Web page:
Grad School Reform

First of all, let me state quite unequivocally that I think it is a shame and it is wrong that tenure-track positions are evaporating.  I also decry other signs of the corporatization of the academy, and, while I’m at it, of the corporatization of everything else as well.

But let’s step back and take a look at graduate education.  Is it really supposed to be strictly vocational in its purpose, with a tenure track position as a Professor its only legitimate goal?  Or is graduate education by its very nature exactly that kind of education which can prepare one for a world of constantly shifting vocations?  For who can say what the job market will look like in five, ten or twenty years, or exactly what kinds of careers will open up, and which ones will disappear?  And I’m not advocating rapid change in the world of work, but I am acknowledging its existence.  And change will come more and more rapidly with time, unless something or someone intervenes.  So we might as well be wise and be prepared for new types of careers, even while pursuing what we think right now is our dream job, because that dream job may change or disappear and our new dream job may be something else which we don’t yet know about or doesn’t even yet exist.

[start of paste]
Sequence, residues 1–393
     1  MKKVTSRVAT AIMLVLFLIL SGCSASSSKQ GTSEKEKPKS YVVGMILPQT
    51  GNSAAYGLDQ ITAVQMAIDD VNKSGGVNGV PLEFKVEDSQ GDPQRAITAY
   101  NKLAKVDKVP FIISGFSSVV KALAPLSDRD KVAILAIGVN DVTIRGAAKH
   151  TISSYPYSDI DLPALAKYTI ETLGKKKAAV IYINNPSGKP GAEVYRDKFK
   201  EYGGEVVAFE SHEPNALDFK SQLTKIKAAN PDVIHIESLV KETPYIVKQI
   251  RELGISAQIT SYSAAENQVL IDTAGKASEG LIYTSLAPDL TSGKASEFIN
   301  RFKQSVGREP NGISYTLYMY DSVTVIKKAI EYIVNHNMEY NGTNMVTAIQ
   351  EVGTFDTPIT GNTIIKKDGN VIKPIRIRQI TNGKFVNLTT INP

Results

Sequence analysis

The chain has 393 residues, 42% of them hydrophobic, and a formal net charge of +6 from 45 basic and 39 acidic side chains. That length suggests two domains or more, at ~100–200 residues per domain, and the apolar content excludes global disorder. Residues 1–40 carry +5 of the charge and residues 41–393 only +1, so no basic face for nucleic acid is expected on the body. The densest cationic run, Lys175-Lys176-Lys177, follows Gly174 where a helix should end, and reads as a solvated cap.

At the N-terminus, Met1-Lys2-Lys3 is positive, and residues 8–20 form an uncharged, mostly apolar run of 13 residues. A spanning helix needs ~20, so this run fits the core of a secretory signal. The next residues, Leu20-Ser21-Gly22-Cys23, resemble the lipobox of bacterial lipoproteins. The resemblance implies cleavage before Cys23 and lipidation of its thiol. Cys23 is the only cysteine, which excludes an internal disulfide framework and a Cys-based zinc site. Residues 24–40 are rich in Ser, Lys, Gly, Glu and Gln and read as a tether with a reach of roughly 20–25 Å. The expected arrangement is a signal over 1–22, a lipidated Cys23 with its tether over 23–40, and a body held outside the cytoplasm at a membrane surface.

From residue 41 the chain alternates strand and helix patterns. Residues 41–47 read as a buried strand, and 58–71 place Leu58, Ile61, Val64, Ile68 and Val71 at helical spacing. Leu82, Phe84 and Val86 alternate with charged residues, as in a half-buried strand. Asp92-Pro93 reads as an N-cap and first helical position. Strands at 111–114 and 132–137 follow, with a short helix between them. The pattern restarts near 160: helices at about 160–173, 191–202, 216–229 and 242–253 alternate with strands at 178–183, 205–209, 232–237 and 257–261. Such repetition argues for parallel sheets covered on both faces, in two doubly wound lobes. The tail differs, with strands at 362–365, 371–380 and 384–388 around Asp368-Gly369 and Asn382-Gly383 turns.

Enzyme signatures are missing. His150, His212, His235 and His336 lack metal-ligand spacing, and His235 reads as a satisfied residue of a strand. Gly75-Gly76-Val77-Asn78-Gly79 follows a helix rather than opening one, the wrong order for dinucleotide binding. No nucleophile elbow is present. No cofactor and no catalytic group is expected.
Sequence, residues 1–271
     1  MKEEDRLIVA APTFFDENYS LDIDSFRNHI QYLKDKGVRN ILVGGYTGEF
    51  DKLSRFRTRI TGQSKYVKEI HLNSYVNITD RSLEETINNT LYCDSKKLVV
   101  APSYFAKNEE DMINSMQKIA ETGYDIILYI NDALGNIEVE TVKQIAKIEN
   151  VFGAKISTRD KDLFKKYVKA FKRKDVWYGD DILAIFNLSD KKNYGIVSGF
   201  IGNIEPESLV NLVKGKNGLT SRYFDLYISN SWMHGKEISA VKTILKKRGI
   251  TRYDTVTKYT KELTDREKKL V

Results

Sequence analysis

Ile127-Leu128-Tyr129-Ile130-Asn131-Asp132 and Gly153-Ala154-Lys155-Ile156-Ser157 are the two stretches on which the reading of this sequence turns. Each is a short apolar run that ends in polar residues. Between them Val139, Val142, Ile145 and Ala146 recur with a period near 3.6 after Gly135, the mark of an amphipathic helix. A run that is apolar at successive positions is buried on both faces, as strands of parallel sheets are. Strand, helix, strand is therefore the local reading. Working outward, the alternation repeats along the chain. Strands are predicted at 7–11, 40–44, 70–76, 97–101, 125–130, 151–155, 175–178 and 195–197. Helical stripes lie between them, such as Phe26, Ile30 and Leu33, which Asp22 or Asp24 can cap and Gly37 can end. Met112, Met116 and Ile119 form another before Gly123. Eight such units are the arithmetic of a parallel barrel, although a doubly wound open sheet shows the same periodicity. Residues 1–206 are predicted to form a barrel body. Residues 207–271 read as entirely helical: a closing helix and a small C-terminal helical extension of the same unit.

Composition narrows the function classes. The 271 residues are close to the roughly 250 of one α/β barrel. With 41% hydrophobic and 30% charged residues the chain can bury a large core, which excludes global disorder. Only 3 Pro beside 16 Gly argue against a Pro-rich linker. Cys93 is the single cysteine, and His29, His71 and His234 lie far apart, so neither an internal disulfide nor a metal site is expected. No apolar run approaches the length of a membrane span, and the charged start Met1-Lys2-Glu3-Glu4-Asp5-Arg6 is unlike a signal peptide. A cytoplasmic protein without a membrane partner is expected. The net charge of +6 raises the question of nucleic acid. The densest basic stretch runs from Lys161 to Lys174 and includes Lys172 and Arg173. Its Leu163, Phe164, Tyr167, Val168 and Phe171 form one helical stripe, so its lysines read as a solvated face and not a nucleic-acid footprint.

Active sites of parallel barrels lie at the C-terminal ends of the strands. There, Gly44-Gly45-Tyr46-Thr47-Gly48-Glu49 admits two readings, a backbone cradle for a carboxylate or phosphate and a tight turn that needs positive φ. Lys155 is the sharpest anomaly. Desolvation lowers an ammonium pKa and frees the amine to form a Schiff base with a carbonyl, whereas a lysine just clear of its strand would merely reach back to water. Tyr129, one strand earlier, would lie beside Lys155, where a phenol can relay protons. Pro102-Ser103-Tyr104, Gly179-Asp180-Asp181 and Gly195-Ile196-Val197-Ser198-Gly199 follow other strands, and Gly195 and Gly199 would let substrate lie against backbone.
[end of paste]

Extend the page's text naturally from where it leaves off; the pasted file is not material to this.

A couple years ago I found this piece on reforms in graduate education at Drew University, and I wanted to share it as it is relevant to our discussion and incorporates some of the ideas that have been suggested:

Some of the reforms are specific to a smaller institution, but many of them are not, such as;  ending the exploitation of grad students;  let them finish in five years;  do away with examinations;  involve other departments;  serve other programs; and, train your students to be public intellectuals.


One Response to Grad School Reform

  1. Jenn Gapetz October 21, 2012 at 10:41 pm #

    Thanks for sharing that link to “Rethinking Graduate Education in History.” I’ll be saving it.

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